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A Synthesis of the Scott Inlet Oil Seep, Baffin Bay, Canada

Phil N. Moir1, Gordon N. Oakey1, Robbie Bennett1, Kate Dickie1, Paul Budkewitsch3, Mark Obermajer2, and Martin Fowler4
1Geological Survey of Canada Atlantic, Dartmouth, NS, Canada.
2Geological Survey of Canada Calgary, Calgary, NS, Canada.
3Canada Centre for Remote Sensing, Ottawa, ON, Canada.
4Talisman Energy, Calgary, AB, Canada.

Oil slicks were first recorded on the sea surface offshore Scott Inlet, Baffin Island, in 1976 by a scientific team from Bedford Institute of Oceanography. In following years, several expeditions successfully collected various geophysical and chemical data, sediment, bedrock and water samples. This included using the Pisces IV submersible in 1981 and 1985 to visually examine the seafloor and collect targeted samples. This early work confirmed that oil and gas were indeed seeping from several locations. Video footage showed areas with distinctive white Beggiatoa bacteria-encrusted sediments, locally solidified into a carbonate crust which was trapping oil beneath it. In addition, extensive surface slicks were mapped and observed in several locations off Scott Inlet and Buchan Gulf. While many elements of this active petroleum system remain unknown, a synthesis of recent work provides further insight.
Repeat sea surface mapping using satellite radar confirms the continued existence of extensive and persistent oil slicks. As well, a succession of multibeam seismic surveys over the area have illuminated details of the seafloor Quaternary geology, petroleum escape features, and the surface expression of the underlying bedrock.
Analysis of samples and bedrock mapping provide an interpretation of Precambrian basement overlain by Cretaceous and Cenozoic strata. Upper Cretaceous mudstones and shales cored at several locations were originally dated as Campanian in age; recent palynological work provides a more precise Turonian to Campanian age for the mudstones of Home Bay and Buchan Gulf, and the black shales cored at Scott Inlet. These are equivalent to strata on Bylot Island, approximately 300 km NW of Scott Inlet, as well as possible marine Cenomanian-Turonian source rocks identified on Ellesmere Island and West Greenland.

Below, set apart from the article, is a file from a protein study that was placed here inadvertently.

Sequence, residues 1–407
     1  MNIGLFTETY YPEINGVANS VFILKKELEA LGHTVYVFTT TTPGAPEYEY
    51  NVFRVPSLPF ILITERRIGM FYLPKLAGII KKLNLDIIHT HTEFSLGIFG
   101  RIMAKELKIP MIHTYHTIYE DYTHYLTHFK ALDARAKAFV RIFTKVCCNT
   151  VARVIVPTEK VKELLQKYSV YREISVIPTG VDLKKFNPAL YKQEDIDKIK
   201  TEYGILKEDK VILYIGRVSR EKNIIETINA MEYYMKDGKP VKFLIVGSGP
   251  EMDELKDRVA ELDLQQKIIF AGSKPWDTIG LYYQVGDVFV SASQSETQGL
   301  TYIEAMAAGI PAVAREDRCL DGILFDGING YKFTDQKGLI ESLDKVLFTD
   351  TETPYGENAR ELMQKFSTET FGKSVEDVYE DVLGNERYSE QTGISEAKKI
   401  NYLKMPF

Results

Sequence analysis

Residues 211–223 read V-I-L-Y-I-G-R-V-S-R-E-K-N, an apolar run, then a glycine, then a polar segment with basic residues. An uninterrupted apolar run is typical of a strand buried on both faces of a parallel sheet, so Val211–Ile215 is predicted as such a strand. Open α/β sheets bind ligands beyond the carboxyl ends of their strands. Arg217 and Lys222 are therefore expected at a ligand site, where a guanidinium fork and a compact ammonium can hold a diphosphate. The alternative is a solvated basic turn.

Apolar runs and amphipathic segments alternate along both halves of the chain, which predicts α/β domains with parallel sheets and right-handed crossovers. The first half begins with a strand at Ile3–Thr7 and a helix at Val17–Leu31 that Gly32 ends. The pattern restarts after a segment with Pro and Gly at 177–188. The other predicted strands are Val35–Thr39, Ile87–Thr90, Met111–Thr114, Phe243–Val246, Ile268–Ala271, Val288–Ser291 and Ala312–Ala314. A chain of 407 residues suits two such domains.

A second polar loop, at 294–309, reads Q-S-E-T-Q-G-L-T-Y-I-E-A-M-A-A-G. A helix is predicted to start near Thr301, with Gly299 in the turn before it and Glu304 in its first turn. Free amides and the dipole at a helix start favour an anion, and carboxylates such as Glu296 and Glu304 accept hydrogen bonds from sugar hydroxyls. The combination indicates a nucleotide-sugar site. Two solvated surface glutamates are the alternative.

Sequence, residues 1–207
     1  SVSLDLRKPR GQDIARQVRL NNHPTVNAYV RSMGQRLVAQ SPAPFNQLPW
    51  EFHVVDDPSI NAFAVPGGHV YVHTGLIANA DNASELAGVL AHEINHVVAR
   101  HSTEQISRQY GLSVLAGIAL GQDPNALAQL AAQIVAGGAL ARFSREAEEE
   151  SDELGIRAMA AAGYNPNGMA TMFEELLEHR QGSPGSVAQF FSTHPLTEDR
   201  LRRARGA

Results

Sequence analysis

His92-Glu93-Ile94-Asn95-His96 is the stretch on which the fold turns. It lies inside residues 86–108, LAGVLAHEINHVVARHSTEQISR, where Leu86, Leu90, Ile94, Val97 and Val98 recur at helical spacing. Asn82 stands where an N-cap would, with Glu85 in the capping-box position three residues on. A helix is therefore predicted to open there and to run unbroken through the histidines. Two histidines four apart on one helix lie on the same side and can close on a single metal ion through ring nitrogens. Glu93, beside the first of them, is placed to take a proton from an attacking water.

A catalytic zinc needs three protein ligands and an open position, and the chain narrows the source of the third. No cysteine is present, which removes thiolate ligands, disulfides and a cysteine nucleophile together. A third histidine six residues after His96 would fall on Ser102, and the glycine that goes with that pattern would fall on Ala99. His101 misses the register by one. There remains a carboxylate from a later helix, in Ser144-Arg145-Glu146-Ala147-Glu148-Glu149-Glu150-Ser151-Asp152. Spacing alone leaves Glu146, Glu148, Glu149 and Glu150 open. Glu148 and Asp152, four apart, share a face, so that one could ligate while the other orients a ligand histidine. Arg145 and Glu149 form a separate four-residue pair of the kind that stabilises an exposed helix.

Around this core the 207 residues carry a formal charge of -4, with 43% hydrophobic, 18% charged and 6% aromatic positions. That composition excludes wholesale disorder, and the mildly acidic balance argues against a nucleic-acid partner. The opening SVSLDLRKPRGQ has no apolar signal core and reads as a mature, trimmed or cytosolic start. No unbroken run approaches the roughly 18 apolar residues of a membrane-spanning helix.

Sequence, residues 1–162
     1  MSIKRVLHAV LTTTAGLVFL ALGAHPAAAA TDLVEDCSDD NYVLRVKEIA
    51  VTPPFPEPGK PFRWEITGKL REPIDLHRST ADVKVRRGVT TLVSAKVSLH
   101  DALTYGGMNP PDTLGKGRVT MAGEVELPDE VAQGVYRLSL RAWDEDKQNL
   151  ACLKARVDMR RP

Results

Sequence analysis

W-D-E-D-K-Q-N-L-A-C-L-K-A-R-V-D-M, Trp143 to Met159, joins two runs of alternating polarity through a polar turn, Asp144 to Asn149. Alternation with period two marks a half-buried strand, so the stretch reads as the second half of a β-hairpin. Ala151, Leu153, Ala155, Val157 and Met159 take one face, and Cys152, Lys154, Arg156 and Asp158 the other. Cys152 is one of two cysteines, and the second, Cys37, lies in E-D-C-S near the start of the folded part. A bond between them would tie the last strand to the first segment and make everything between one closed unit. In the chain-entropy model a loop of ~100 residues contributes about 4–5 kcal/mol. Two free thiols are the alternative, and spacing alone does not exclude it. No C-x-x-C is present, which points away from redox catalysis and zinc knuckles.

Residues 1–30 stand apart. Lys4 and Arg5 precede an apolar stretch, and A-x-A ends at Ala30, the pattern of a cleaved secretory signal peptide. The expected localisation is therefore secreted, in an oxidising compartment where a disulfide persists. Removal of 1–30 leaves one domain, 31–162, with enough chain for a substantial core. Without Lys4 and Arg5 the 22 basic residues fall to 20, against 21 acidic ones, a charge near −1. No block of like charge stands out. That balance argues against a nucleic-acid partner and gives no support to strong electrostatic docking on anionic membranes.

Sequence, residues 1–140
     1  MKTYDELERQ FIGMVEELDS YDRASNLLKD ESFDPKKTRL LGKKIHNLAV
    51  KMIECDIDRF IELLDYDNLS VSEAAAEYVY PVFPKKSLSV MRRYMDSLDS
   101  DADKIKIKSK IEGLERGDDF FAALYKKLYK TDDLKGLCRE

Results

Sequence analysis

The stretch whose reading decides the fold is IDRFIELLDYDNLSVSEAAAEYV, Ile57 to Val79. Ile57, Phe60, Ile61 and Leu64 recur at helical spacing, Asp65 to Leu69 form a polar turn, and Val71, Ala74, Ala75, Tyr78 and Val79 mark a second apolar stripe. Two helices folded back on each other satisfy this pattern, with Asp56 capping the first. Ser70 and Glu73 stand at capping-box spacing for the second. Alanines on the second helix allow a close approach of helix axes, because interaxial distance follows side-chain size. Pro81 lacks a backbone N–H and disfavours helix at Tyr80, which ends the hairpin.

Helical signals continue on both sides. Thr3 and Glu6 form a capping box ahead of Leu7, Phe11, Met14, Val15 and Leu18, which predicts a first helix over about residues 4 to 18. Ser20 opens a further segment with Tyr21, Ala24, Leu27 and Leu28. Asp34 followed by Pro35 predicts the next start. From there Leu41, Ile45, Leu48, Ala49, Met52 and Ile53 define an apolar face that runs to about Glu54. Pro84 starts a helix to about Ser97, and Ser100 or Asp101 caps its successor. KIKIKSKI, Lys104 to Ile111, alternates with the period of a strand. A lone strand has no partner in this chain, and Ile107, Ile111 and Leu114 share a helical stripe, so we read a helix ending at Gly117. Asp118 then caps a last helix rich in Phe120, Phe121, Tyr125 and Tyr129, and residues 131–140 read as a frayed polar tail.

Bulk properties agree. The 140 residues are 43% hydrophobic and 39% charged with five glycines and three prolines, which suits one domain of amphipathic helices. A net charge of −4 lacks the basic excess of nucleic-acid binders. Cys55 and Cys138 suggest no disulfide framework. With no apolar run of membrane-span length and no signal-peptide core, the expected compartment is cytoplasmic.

New analysis of oil collected from the 1986 submersible experiment confirms a biodegraded mature oil with biomarkers suggesting an Upper Cretaceous marine source, possibly similar to oils indentified in West Greenland.

Regional mapping using 2D seismic reflection and refraction profiles reveals an elongate (200-300 km by 25-50 km wide), NW-SE-striking graben, named Scott Inlet Basin. It contains up to 6 km of sedimentary strata thought to correlate with Cretaceous and Cenozoic strata on Bylot Island.

Recent geological mapping on Bylot Island (see Haggart et al., this meeting) may provide clues to the stratigraphy of Scott Inlet Basin. Oldest strata there are middle Albian to possible Turonian coarse sands, suggesting correlation with the Hassel Formation of the western Canada Arctic. Younger strata contain floral assemblages of Coniacian, Santonian, early late Maastrichtian, late early or early late Paleocene, and late Paleocene ages. A thick (500m), coarse-grained sandstone widespread on SW Bylot Island grades laterally into deep marine mudstone and may be a possible coeval equivalent for a Scott Inlet Basin reservoir rock.


AAPG Search and Discovery Article #90130©2011 3P Arctic, The Polar Petroleum Potential Conference & Exhibition, Halifax, Nova Scotia, Canada, 30 August-2 September, 2011.